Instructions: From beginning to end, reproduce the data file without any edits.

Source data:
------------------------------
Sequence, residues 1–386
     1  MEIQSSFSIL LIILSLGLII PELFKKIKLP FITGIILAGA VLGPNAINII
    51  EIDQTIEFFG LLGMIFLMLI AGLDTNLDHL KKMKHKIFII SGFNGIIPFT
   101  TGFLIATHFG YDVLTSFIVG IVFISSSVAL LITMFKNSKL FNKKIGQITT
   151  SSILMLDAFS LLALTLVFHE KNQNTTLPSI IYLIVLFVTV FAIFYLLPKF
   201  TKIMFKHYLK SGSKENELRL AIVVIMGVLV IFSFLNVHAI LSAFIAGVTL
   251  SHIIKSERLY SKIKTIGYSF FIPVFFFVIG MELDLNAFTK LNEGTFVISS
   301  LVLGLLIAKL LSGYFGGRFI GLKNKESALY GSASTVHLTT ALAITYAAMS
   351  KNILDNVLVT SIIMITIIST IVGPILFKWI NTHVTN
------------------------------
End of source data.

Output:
Sequence, residues 1–386
     1  MEIQSSFSIL LIILSLGLII PELFKKIKLP FITGIILAGA VLGPNAINII
    51  EIDQTIEFFG LLGMIFLMLI AGLDTNLDHL KKMKHKIFII SGFNGIIPFT
   101  TGFLIATHFG YDVLTSFIVG IVFISSSVAL LITMFKNSKL FNKKIGQITT
   151  SSILMLDAFS LLALTLVFHE KNQNTTLPSI IYLIVLFVTV FAIFYLLPKF
   201  TKIMFKHYLK SGSKENELRL AIVVIMGVLV IFSFLNVHAI LSAFIAGVTL
   251  SHIIKSERLY SKIKTIGYSF FIPVFFFVIG MELDLNAFTK LNEGTFVISS
   301  LVLGLLIAKL LSGYFGGRFI GLKNKESALY GSASTVHLTT ALAITYAAMS
   351  KNILDNVLVT SIIMITIIST IVGPILFKWI NTHVTN